So, I'm still kind of struggling for ideas.
Sure, I could do a hobby post. Badly, probably. But that would require me to get my camera out. I could similarly actually photo my Trollbloods collection. But that would not only require the camera to be out, but brought down to the club, where my Mega-Smurfs are languishing in a display cabinet.
I could whine about the Internet. I'm sort of good at that. But no one's actually annoyed me thoroughly enough lately. At least not about anything even remotely Incarias-related. The politics are staying off this site for now. Mostly.
So, I'll talk about my club. And one rule we have that deserves spreading.
I like to call it the 'You shut up now!' rule.
Down at the Club (we're called Troll, and if you're from anywhere near Stockholm, this is a site you should visit), wargames are a spectator sport. It's rare for there to be no people just standing about, commenting idly on what's going on, discussing something entirely irrelevant and generally distracting the players.
This is fine. At least until it isn't. This is part of what makes wargaming a social activity for me; the side-talk. There's a good word in Swedish for it. I can't find the equivalent in English, for some reason. You know, the kind of talk that's absolutely, utterly pointless, except for the talking itself.
Anyway. There is one thing we are fairly adamant on, when it comes to these onlookers.
No back seat gaming. No pointing out possible moves (beyond the absolutely ludicrous, at least), no reminders of optional-to-use rules, no leading questions. No tactics, no strategy.
There are exceptions to this rule (it is, for example, considered fair game to encourage any Blood Bowl player to perform a Foul, at any time). But during games that matter, in the slightest (campaigns being the most frequent offender), the rule is not negotiable.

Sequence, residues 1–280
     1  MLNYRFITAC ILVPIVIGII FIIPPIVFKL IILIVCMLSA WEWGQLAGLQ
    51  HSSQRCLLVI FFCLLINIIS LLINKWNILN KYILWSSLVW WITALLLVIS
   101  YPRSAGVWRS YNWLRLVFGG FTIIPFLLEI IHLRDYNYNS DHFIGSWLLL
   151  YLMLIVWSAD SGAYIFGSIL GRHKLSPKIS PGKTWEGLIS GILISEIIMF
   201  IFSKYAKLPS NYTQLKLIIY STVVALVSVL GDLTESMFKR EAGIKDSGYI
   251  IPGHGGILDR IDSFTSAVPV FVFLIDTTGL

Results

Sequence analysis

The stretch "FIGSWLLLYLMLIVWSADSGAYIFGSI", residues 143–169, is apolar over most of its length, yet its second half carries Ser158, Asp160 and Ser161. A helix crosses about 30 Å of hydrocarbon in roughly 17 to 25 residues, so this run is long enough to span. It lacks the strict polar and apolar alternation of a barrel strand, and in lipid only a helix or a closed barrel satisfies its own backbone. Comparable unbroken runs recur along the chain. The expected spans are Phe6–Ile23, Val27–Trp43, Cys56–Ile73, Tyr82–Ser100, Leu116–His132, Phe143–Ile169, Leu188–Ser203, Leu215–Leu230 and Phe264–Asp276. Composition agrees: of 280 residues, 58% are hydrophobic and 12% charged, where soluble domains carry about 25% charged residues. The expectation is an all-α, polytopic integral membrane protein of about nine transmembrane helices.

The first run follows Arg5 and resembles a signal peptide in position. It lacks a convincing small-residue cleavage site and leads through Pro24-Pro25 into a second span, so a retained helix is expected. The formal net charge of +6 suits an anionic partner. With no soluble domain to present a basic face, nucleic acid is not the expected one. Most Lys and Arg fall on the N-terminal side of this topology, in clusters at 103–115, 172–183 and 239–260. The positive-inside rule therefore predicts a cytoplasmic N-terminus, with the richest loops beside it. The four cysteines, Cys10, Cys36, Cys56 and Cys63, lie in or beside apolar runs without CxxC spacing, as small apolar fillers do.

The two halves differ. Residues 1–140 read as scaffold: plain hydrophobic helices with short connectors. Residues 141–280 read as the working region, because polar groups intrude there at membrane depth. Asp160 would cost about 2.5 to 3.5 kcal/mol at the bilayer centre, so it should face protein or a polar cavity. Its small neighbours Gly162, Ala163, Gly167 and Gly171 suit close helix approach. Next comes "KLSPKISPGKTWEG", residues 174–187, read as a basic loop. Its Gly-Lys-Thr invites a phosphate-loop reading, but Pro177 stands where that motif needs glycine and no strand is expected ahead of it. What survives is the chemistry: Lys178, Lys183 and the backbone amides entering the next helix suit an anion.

Rules are fine. In two situations. One: one of the players makes an explicit rules question. This question can then be answered, as restrictively as possible, so as not to give undue tactical advice. Two: one of the players violates a rule (accidentally, we assume). The violation should then be noted, explained, and rectified. This second point also applies if one of the players cites a rule incorrectly.
What this rule does is to make sure that it is the players who are the ones actually playing. Before the 'You shut up now!' rule, some players (yes, I was a repeat offender) tended to coach their comrades a bit over-much, to the point that it was almost the back seat gamer making the decisions, and the actual player just moving the minis and rolling the dice.
This was deemed a problem.
What this rule also does (less purposefully) is cause a lot of mutterings from certain onlookers. It remains the case that it is always easier to spot possible moves when you're not actually playing, and some of us have a bit of trouble containing our wisdom. 'Wisdom', really. Some of our advice is undoubtedly crap.
The phrase 'I know what I would do' is frequently heard.
Of course, during some games, we ease the rule. Introducing a game to a new player opens up the floor somewhat. Overly specific advice is still frowned upon, but gentle nudges in the right direction, or pointing out rules the new player is unfamiliar with or seems to have forgotten, is generally fine.
It is a good rule.
I recommend it.
Now, I'm done.
I might think of something better to write about soon. Or I might not, and feel obliged to show you my trolls.
Either way, ta ta for now.